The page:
The problem is not Rabbi Dov Lior, who received pretty favorable publicity in the wake of the questioning, and also not the book 'Torat Hamelekh,' whose sales picked up significantly afterwards. The problem is that significant damage has been caused to belief in the government's rule of law. I heard people on the left who said they thought questioning Rabbi Lior was ridiculous. When I asked them why they didn't say this publicly, they responded that if they were asked, they would.

A group of intellectuals yesterday called for the resignation of MK David Rotem, who signed, along with you, a letter to the Justice Minister expressing opposition to Shai Nitzan's staff that deals with law enforcement in the territories. What do you think of this demand?

I think that all these people who talk a lot about freedom of speech are the first who should have sided with the rabbis and said that they think the matter was not worth investigating. Intellectuals should not only be concerned about their own freedom of speech. The system of government by rule of law in a democracy should be criticized by the Knesset. And so, if Knesset members have criticism, they should voice it. That's why the Knesset exists. The positions of [these intellectuals] did not win expression in the Knesset. The public decided differently and so these law abiding citizens must honor that democratic decision. It seems to me that these same people who speak in favor of the freedom of speech and defending democracy should be the first to honor other opinions even if they find them very disturbing.

You initiated the proposed boycott law, which determines sanctions for those who instigate economic, academic or cultural boycotts against Israel. The law includes Israeli settlements as well. What are the chances of this law passing when it is voted on in two weeks?

In my opinion there will be a fairly solid majority supporting it. The government has promised its backing. It's true that negotiations were not simple during the drafting of the law and it has undergone many changes in order to gain the government's support. This law is much weaker than the corresponding American law which sets very heavy fines and possible jail time of one to four years for participation in a boycott against Israel. An embarrassing situation has been created in which an Israeli citizen who calls for the owners of an American company to boycott Israel is not punished due to the lack of an Israeli law on the matter, while the owners of an American company who call for such a boycott will be punished. We cannot ask our allies in America and Germany to defend us more than we defend ourselves.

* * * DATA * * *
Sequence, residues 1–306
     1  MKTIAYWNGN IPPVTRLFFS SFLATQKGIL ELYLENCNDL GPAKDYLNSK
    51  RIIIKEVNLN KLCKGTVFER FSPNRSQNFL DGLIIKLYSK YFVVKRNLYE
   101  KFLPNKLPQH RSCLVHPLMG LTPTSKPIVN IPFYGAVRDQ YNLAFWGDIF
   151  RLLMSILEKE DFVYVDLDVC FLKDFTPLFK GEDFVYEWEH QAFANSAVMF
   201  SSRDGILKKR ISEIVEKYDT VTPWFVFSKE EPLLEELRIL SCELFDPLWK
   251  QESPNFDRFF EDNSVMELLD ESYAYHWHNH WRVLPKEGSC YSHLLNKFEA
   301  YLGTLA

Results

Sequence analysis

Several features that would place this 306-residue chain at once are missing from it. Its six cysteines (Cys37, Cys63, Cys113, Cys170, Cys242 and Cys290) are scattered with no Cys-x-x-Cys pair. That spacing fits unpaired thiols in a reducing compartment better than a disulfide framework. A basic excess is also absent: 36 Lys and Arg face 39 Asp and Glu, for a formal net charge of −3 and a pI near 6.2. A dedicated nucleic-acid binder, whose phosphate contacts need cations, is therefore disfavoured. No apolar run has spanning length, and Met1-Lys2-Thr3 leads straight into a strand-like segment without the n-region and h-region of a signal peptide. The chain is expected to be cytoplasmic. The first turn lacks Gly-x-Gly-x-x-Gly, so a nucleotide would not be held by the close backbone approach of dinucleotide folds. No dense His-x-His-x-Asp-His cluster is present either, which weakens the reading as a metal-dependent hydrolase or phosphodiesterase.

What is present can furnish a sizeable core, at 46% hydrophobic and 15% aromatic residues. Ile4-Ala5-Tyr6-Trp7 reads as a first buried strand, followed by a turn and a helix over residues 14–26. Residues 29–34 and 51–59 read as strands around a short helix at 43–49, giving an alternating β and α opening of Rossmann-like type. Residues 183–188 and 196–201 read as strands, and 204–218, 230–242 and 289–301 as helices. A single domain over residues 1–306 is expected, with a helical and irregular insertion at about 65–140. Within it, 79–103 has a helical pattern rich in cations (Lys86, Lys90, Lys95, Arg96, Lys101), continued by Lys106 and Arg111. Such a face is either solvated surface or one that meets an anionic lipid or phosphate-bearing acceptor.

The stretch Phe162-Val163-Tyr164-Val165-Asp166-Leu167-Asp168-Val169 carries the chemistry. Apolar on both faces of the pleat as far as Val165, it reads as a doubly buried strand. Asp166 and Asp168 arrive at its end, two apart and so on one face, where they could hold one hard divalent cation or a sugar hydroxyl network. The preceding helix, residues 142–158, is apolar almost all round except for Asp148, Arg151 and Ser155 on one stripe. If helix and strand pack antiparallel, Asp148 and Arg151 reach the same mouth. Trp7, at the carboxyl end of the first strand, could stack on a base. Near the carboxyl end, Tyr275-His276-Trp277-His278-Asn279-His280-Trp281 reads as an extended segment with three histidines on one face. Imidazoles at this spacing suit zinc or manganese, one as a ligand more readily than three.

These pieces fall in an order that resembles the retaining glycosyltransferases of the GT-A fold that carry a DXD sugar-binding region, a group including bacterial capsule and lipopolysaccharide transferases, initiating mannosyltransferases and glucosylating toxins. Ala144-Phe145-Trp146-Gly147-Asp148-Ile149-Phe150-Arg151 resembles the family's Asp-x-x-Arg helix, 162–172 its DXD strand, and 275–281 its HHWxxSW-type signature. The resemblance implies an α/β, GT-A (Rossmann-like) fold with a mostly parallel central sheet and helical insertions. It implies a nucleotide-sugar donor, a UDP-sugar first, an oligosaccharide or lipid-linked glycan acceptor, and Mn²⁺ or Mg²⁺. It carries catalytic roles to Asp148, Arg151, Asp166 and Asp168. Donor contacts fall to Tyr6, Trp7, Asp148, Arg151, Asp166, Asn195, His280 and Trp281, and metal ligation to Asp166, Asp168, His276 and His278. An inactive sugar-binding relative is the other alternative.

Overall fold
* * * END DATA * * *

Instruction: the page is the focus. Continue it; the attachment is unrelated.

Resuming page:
What is the difference between a call for a consumer boycott of cottage cheese and a boycott of the settlements and their products because of an ideological point of view?

The boycott law rests on a demographic basis. All of Israel: Bnei Brak, Tel Aviv, Jerusalem and Judea and Samaria too. It is meant to deal with the demographic boycott based on belonging to a country, and not because of a consumer struggle. There is no reason to punish Israeli intellectuals active inside Israel, just because of policies made by the government. For the same reason, there is no reason to punish a law abiding citizen who lives in Maaleh Adumim just because he decided to live there. Whoever does not like the presence of Jews in Judea and Samaria is welcome to try to create a majority in the Knesset and pass a decision like the disengagement [from Gaza]. But as long as the people who live there are Israeli citizens, they have equal rights. Not only have they not broken the law, they also responded to an explicit call from the government on the matter.